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Putin Calls for a Banking Cleanup

President Vladimir Putin called Friday for urgent action to clean up the banking system in the aftermath of the assassination of Central Bank First Deputy Chairman Andrei Kozlov.

Kozlov, who died of gunshot wounds early Thursday, oversaw the Central Bank's effort to shut down hundreds of banks that laundered money and serviced corrupt companies.

"Unfortunately, banking institutions continue to be used for criminal ends," Putin told senior government officials during an emergency meeting in Sochi devoted to economic crimes.

"We are seeing the laundering of billions of rubles every month within the country," Putin said in comments posted on the presidential web site. "We are seeing the movement of enormous financial resources abroad."

Central Bank Chairman Sergei Ignatyev assured Putin that the crackdown on dirty banks would continue. The meeting was also attended by Prosecutor General Yury Chaika, Interior Minister Rashid Nurgaliyev and Alexander Bortnikov, the deputy head of the Department of Economic Security of the Federal Security Service.

Putin said the murder of Kozlov -- the highest-profile killing during his presidency -- was a result of the "intensifying situation in the battle against criminal activity in the economic sphere."

The president said the money laundered through dirty banks was used not only to pay salaries under the table, but also to "pay for the services of government officials," that is, for "enormous bribes." Laundered money is also used to fund terrorist activity and the drug trade, he said.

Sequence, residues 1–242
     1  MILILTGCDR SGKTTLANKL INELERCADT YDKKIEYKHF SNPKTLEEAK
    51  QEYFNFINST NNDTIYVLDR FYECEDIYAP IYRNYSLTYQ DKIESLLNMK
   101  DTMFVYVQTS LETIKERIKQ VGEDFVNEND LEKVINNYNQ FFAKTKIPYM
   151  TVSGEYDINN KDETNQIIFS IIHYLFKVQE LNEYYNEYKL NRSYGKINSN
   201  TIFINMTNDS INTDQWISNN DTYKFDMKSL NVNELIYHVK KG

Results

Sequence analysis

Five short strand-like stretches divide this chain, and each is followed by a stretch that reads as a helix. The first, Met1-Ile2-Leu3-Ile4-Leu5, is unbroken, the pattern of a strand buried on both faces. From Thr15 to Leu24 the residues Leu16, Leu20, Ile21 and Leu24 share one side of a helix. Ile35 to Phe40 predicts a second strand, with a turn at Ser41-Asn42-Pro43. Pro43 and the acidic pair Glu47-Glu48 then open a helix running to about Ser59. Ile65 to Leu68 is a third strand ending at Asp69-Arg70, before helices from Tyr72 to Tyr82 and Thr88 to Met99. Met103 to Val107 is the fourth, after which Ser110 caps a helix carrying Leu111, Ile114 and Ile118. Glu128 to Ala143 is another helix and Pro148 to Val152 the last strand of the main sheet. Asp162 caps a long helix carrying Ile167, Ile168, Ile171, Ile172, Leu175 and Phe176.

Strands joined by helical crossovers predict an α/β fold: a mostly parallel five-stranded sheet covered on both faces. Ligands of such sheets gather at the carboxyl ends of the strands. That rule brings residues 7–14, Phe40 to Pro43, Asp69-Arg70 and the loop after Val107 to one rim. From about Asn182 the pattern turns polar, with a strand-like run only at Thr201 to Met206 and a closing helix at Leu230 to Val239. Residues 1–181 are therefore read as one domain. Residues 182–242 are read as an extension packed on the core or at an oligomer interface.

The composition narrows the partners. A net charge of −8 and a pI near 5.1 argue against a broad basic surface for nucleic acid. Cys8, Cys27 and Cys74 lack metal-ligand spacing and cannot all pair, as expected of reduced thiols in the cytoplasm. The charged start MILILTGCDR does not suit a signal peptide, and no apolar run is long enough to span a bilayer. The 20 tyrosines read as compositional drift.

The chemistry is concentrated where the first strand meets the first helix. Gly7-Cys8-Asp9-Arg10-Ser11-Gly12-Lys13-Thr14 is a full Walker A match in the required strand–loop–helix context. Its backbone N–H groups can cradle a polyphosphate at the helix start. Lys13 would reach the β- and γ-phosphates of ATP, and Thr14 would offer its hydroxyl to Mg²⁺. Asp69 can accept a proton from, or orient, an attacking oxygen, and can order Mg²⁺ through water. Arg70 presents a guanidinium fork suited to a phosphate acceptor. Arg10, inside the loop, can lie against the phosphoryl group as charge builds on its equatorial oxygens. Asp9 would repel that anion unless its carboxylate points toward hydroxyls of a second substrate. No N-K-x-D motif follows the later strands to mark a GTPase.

Putin called for tightening the regulations that govern bank-client relations and for the creation of an interagency working group on economic crimes that would include officials from the Central Bank, the Prosecutor General's Office, the Federal Tax Service, the Interior Ministry, the FSB and financial intelligence agencies.

Finance Minister Alexei Kudrin said Saturday that the Central Bank had revoked the licenses of 79 banks since the beginning of 2005, most on suspicion of money laundering or supporting terrorism, RIA-Novosti reported.

Most recently, a bank allowed a client to withdraw funds in late August after its license had been revoked, Kudrin said, adding that Kozlov had personally overseen the closure of that bank.

Kozlov, 41, and his driver, Alexander Semyonov, 54, were shot Wednesday evening. The driver died on the spot. Kozlov was rushed to a hospital, where he died after a lengthy operation.

Viktor Bashkirov, director of retail banking at Alfa Bank, said Thursday that he was shocked that such an outlandish murder -- reminiscent of the 1990s -- could happen today.

"I thought those days were gone for good, but it turns out they're not," Bashkirov said.

Hundreds of Kozlov's friends and colleagues gathered for the wake at Moscow's Central Clinical Hospital on Saturday. Those present included Ignatyev, Economic Development and Trade Minister German Gref, Deputy Finance Minister Sergei Shatalov and Arkady Dvorkovich, the head of the Presidential Experts' Council.

"[Kozlov's] service to the state undoubtedly upset the plans of many people who made their money in the illegal economy," Gref said in comments reported by Reuters.

Ignatyev apologized to the gathering for allowing the murder to happen, Mayak radio reported. Kozlov was buried at the Troyekurovskoye cemetery in western Moscow.

Chaika said in televised remarks that the Prosecutor General's Office was working overtime on a number of scenarios, although he said the assassination was mostly likely linked to Kozlov's role at the Central Bank.

Some 20 prosecutors are working on the case, Kommersant reported Saturday.